I hope that my decision to draw from the life and lessons of the man Jesus of Nazareth in the exploration and development of the ideas in this book will not suggest to anyone that he is alone a source of teachings in and of Truth. As I have tried to indicate numerous times, all of the world’s great teachers and disciplines have pointed in the same direction, and every seeker, as he or she develops his or her own approach toward an understanding of the universe, would do well to feel free to look to each of them. There is available a wealth of guidance in various forms, and we would err grievously were we not to make full use of it. From time to time, some will make sense and fit your needs, and some will not. You should make your choices accordingly. But do not ever let anyone else reach that determination for you. You are your own best teacher, and every true teacher will teach you that.
Regarding a more academic point, there may be among us some students of the New Testament who will want to point our that scholars believe that much, if not all, of the Gospels material as we have it now was written long after the physical death of Jesus, and that indeed its inclusion in the Bible in preference, say, to other accounts of his life also available, may have been based on factors and decisions less concerned with historical or religious accuracy than with other social, political, and related matters. Also, we know that what is now the Bible has been transcribed and translated numerous times, and there is no way of determining how many changes, additions, or omissions the original text may have suffered over the years. Finally, one might suggest that even if these objections are not valid, it still seems unlikely that any reporter, whoever it may actually have been who wrote these accounts for us, could remember so well so many of the man’s actual words and the order and circumstances of their delivery.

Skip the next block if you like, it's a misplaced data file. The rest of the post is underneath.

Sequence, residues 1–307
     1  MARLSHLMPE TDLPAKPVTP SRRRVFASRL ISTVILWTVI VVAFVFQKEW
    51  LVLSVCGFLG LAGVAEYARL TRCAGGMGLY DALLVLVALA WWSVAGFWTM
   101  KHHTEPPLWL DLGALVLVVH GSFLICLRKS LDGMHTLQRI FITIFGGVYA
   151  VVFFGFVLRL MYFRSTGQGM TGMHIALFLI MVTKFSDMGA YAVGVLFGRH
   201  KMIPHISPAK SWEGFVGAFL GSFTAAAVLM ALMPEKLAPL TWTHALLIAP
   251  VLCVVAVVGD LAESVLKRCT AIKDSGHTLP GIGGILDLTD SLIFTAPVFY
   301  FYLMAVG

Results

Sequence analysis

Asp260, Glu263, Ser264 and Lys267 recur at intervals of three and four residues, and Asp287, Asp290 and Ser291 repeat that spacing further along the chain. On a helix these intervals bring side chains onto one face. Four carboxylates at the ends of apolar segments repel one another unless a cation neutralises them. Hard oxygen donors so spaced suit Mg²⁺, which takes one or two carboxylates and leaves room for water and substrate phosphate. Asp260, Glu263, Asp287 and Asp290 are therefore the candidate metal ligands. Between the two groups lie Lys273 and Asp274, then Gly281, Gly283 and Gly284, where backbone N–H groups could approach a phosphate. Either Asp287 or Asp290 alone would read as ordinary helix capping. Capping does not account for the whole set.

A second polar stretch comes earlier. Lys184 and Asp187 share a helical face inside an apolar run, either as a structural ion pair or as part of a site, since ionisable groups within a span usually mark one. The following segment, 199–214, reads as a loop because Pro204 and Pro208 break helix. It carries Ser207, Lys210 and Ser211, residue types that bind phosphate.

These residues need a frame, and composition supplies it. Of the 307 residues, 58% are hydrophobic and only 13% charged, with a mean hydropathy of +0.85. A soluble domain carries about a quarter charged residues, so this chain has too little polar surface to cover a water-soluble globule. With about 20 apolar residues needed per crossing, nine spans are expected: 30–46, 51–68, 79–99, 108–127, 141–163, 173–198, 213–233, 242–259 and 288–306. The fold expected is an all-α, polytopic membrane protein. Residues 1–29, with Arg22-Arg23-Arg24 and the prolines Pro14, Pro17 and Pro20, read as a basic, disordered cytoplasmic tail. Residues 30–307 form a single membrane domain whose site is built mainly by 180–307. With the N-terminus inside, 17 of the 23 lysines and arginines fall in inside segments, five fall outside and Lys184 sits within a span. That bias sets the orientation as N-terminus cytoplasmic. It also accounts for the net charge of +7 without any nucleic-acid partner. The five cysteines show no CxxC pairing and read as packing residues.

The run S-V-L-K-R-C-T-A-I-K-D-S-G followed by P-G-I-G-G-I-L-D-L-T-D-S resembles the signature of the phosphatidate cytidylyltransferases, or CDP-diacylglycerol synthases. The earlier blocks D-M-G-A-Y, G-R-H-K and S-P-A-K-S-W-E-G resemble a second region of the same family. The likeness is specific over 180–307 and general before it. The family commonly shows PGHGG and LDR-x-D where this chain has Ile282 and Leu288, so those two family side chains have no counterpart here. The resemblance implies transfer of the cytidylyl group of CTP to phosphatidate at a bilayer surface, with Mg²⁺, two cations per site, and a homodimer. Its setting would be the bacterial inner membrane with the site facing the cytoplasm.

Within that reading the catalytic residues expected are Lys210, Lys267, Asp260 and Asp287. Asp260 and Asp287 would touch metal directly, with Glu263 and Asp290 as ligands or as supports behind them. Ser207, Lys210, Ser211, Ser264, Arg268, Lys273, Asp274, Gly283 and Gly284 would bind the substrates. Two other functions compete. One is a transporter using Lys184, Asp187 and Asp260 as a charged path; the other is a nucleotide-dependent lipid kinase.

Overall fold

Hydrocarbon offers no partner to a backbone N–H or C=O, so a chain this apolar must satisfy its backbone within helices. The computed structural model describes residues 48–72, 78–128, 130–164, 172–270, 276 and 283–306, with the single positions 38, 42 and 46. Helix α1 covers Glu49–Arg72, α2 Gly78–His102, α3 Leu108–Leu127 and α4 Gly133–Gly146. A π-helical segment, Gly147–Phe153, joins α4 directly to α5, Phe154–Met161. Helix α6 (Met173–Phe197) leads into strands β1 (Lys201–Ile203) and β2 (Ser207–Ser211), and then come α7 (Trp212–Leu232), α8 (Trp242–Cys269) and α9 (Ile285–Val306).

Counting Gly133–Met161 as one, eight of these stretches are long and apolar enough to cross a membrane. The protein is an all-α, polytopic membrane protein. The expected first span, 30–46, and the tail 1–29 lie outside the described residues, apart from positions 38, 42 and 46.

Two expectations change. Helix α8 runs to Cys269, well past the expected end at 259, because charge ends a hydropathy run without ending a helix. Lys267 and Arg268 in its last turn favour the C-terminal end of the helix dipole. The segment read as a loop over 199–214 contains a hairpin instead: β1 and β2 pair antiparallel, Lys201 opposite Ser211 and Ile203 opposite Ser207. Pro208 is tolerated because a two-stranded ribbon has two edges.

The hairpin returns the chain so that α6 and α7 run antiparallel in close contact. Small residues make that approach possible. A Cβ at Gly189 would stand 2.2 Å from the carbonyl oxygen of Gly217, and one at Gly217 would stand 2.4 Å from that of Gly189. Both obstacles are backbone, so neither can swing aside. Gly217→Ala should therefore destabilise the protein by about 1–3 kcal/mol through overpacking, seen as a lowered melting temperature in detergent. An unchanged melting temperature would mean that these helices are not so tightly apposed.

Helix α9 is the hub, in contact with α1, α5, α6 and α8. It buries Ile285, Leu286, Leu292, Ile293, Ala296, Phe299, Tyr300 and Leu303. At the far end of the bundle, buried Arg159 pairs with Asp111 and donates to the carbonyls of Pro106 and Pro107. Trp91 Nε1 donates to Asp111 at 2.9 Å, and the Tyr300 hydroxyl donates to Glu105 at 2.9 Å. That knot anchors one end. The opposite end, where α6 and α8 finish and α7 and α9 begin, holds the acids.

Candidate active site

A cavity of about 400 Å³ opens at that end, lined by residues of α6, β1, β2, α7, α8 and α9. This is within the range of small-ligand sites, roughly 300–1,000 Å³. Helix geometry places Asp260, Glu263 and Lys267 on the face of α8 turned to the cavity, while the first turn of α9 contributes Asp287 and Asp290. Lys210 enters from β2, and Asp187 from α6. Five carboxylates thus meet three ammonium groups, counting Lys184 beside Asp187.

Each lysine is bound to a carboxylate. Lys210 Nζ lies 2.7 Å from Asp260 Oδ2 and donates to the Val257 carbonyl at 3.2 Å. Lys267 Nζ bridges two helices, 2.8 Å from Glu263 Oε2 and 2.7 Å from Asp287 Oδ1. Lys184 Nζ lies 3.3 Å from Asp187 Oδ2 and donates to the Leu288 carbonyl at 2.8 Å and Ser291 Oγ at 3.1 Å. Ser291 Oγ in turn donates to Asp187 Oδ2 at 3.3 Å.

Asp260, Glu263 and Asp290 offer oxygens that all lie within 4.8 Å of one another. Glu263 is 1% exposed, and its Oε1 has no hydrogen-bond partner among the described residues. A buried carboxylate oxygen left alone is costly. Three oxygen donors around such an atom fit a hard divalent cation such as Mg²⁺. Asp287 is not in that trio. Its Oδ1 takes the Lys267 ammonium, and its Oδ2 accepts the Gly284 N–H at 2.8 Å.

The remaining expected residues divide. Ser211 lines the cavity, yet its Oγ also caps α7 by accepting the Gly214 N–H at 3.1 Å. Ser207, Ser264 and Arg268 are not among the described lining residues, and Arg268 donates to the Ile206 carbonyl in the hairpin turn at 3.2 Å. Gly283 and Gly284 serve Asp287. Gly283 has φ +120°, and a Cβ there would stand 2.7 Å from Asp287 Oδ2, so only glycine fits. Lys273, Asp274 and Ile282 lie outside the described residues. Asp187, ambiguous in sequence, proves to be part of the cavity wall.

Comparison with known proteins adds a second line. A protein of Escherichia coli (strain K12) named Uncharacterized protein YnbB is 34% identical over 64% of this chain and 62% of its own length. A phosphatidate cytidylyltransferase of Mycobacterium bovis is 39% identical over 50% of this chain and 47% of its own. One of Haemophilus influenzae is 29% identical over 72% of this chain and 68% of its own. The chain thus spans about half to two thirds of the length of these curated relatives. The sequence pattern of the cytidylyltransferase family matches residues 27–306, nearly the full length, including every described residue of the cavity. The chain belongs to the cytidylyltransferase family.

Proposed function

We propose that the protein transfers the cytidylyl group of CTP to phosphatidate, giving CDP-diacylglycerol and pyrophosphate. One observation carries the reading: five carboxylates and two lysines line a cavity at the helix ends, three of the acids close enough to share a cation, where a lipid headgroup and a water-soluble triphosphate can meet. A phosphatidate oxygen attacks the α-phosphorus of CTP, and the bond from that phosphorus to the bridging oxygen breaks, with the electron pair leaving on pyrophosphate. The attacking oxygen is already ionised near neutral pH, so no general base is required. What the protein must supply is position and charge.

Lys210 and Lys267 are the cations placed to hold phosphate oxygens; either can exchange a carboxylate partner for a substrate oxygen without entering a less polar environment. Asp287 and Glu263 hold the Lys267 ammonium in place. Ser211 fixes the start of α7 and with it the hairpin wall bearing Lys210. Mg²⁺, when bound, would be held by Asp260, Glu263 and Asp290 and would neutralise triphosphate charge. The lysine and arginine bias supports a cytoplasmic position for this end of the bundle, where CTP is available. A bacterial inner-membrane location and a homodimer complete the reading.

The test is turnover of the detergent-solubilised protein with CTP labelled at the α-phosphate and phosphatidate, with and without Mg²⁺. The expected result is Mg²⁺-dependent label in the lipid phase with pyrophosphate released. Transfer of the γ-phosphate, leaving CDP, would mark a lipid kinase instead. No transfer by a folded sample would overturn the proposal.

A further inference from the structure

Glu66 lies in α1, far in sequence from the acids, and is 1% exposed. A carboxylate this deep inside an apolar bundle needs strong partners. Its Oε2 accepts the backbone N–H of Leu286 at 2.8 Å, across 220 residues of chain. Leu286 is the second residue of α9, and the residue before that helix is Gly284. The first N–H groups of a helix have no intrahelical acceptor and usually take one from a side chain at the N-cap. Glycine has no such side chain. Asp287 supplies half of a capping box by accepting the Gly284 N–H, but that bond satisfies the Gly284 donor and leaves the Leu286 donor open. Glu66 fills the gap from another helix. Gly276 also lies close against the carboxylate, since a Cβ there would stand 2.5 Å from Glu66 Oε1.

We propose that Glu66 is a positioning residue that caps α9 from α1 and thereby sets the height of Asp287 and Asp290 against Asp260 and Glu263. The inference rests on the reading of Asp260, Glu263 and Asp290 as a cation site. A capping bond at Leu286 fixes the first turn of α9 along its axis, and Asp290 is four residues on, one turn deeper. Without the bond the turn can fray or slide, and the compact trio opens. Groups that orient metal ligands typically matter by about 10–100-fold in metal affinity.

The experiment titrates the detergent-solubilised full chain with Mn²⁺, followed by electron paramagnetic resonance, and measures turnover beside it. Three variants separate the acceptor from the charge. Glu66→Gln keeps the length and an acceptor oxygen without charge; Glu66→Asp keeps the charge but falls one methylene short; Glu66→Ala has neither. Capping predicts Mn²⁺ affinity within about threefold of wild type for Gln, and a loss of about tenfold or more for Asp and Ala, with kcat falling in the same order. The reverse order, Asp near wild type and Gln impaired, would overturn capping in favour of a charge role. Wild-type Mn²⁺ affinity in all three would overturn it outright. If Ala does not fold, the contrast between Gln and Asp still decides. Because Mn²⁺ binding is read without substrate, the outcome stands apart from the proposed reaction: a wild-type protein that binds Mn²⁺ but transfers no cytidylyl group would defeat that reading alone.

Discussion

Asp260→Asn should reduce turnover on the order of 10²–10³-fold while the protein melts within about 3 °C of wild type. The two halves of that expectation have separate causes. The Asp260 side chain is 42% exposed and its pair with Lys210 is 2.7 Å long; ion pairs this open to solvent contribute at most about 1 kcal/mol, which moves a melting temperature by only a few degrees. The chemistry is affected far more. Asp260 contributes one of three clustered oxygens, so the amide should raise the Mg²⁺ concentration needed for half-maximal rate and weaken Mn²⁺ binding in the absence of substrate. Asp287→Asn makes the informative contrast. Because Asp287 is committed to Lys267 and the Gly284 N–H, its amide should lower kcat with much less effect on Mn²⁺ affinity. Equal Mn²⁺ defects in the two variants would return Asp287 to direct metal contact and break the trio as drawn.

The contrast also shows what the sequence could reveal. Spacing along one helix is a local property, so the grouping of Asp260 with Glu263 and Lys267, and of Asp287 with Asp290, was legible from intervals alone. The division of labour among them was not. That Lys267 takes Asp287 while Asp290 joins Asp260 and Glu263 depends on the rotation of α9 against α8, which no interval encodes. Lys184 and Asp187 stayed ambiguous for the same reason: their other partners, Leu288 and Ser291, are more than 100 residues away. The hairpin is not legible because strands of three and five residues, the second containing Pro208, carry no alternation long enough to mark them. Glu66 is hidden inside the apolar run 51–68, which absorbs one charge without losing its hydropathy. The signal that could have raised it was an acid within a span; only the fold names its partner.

For my part, I am not sure just how relevant any of that is, except from an historian’s point of view. I would suggest that what is important to us is whether or not the lessons can be applied to our own search for Truth. Their source is less significant than their effect, and none but we can determine that, and only for ourselves. Our concern, then, ought to be more about the direction in which they take us on our way home and less in how they happened to come to us along it.
There is only one Truth. Whoever speaks it, however he or she words it and acts it out, if we genuinely seek to see it, we will, and that is all that matters.
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